You can’t unplug a book

The first printing presses were used to print bibles … and porn. That’s not a value judgment, just an observation.

The internet was first used to distribute scientific and academic papers … and porn. It seems man hasn’t changed much in the last few centuries.

The printing press and the internet share some other features. Like the impact they had on society: education, communication, freedom. Plenty of people have written about the similarities. Some have written about the differences. But I haven’t seen much conversation about one important difference: Books can’t be turned off.

Why this matters is that writing is something that can be entirely learned by each person who uses it. There is no risk of being unable to use the technology.

I’ll grant that large-scale printing presses are far beyond the reach of individuals, and even whole cultures. But the base concept of printing is so simple that it could be easily duplicated, and scaled up by anyone with basic mechanical aptitude.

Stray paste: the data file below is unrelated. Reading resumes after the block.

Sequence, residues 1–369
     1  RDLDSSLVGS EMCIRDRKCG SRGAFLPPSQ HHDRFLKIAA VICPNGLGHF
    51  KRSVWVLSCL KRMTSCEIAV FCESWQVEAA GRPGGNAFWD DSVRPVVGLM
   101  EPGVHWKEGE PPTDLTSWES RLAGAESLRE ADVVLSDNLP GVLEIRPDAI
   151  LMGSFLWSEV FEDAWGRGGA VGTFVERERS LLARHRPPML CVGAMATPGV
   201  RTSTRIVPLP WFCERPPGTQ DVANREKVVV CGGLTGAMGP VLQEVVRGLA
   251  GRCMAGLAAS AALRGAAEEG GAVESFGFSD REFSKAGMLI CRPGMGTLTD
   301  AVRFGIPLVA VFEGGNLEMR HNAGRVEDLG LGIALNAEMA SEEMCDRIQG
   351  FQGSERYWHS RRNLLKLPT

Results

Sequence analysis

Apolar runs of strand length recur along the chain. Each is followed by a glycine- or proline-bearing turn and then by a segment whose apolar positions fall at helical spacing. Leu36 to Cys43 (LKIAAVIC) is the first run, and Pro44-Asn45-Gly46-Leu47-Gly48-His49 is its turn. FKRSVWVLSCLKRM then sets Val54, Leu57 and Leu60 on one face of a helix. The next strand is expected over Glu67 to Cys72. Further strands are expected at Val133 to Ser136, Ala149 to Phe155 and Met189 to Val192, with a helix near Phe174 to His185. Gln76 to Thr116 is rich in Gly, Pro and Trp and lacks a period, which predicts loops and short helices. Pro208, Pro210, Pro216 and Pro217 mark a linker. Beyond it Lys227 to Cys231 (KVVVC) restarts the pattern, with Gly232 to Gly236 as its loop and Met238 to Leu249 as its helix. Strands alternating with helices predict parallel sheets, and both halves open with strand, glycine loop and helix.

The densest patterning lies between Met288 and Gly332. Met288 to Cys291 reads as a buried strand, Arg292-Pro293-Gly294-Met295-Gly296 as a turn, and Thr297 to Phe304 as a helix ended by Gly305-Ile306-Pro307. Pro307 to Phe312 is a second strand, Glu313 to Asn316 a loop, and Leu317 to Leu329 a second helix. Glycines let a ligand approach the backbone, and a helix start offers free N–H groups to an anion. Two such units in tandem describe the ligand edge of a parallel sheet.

Computation is a whole different animal. The utility of “pervasive computing” is explicitly the pervasiveness. The smart chip in my credit card is useless without a reader. Or a computerized register to attach the reader to. Or an internet connection between the register and the VISA system. Or … or … or …

Look at any major urban blackout. Commerce comes to a complete standstill within minutes. You can literally turn the technology off, and society grinds to a halt.

If you smash a printing press, everyone who already had a book still has it. If you burn all the books, people still know how to write.

But disable the networks that allow us to engage in commerce, and suddenly the grocery store shelves go empty. And we don’t have local farms any more to fall back on.

I’m not suggesting that we’re likely to face a protracted breakdown in the current system. But the impact of such a breakdown is certainly on a new scale.